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Newhouse, Maxwell to host international journalists as part of U.S. Department of State program this April
Newhouse, Maxwell to host international journalists as part of U.S. Department of State program this April February 27, 2006Jaime Winne Alvarezjlwinne@syr.edu
Syracuse University’s S.I. Newhouse School of Public Communications and Maxwell School of Citizenship and Public Affairs will jointly host a delegation of 17 journalists from Europe and the Middle East April 5-13 as part of the U.S. Department of State’s inaugural Edward R. Murrow Journalism Program.
An innovative public-private partnership among the Department of State, Aspen Institute and seven leading U.S. universities, the program will bring a total of 130 journalists from independent media outlets around the world to U.S. soil. The program’s goals are to expose journalists to the rights and responsibilities of a free press in a democracy; to give them insight into the social, economic and political structures of the United States; and to have them visit leading academic institutions in smaller delegations for interactive sessions with faculty and students.
“We are very excited to be one of the campuses chosen by the State Department to host these visiting journalists,” says Newhouse Dean David Rubin. “It is no secret that the image of the United States abroad is not as positive as it must be. To the degree we can help to repair that image by introducing these visitors to American views of democracy, a free press and the role of citizens, we will have provided a valuable service to our country and to our guests.”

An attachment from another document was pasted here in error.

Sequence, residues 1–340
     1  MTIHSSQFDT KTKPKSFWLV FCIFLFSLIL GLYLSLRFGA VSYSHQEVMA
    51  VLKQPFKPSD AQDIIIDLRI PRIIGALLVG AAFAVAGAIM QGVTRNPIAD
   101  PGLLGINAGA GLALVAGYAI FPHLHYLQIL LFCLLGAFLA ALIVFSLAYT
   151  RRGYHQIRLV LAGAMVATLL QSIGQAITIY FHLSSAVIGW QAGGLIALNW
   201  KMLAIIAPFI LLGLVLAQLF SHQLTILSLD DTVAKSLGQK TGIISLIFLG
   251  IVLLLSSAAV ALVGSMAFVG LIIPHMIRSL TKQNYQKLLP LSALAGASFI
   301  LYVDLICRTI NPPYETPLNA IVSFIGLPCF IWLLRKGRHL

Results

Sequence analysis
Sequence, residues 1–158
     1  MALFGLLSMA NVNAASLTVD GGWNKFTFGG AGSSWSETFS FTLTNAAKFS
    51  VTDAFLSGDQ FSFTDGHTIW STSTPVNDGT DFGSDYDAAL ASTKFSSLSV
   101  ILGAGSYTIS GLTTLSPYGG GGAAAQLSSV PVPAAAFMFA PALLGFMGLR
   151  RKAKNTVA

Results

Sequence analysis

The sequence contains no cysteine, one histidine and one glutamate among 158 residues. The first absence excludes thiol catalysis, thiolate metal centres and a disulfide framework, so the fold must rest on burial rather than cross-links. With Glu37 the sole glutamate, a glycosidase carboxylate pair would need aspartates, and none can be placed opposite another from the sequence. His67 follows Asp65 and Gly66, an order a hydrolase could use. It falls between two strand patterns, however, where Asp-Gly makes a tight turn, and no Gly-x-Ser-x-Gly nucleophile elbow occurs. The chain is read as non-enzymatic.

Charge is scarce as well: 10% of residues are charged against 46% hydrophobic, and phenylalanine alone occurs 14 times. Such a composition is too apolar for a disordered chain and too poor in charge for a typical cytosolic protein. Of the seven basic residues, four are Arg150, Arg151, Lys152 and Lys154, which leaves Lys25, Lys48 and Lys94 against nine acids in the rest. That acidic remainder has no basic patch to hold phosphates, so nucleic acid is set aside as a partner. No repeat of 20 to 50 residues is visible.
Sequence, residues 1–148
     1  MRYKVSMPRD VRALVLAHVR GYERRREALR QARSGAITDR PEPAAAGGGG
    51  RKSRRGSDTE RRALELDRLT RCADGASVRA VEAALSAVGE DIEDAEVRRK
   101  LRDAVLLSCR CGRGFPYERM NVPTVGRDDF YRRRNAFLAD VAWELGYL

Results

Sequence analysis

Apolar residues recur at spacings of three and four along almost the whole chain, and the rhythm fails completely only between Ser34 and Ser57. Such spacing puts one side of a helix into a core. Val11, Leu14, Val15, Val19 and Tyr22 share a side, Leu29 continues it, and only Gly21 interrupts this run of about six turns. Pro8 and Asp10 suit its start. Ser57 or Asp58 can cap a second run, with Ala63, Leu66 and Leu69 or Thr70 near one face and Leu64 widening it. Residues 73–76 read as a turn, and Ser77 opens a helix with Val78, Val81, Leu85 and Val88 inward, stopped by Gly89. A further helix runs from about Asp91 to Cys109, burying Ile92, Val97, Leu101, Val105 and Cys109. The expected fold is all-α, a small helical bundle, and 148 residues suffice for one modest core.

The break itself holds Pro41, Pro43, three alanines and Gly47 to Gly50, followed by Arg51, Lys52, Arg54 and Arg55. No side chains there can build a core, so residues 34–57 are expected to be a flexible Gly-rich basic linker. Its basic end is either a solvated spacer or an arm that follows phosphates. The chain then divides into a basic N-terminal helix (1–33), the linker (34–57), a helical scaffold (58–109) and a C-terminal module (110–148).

Host campuses will design specialized curricula — including intensive academic seminars and field activities with faculty, students and distinguished guest speakers — to highlight journalistic standards in the United States. In addition toSU, six other institutions will host delegations: the University of Southern California, the University of Oklahoma, the University of Texas at Austin, the University of Minnesota, the University of North Carolina at Chapel Hill and the University of Kentucky.
“The combined expertise of the Maxwell and Newhouse schools will provide these journalists with a unique perspective on media communications by linking it to 80 years of teaching and research experience on citizenship and public policy issues,” says Maxwell Dean Mitchel Wallerstein. “We are delighted to participate in a program that will help to broaden our visitors’ understanding of the United States as well as our understanding of their homelands.”
Prior to coming to campus, visiting journalists will have an orientation period in Washington, D.C., where they will be introduced to U.S. government and foreign policy. Following their stay at SU, they will visit state capitals for exposure to the role and responsibilities of state government and media coverage of state politics. They will also visit small and medium-sized communities to observe civic life and grassroots involvement in political affairs.
U.S. Secretary of State Condoleezza Rice announced the program in a ceremony in Washington, D.C., in December, saying, “The Department of State is determined to forge partnerships with our private sector so that Americans of all stripes, all traditions, all ethnic groups and also all walks of life might be able to help to carry the story of democratic progress and the progress of liberty. We look forward to this excellent program in April, but we especially look forward to working with our partners.”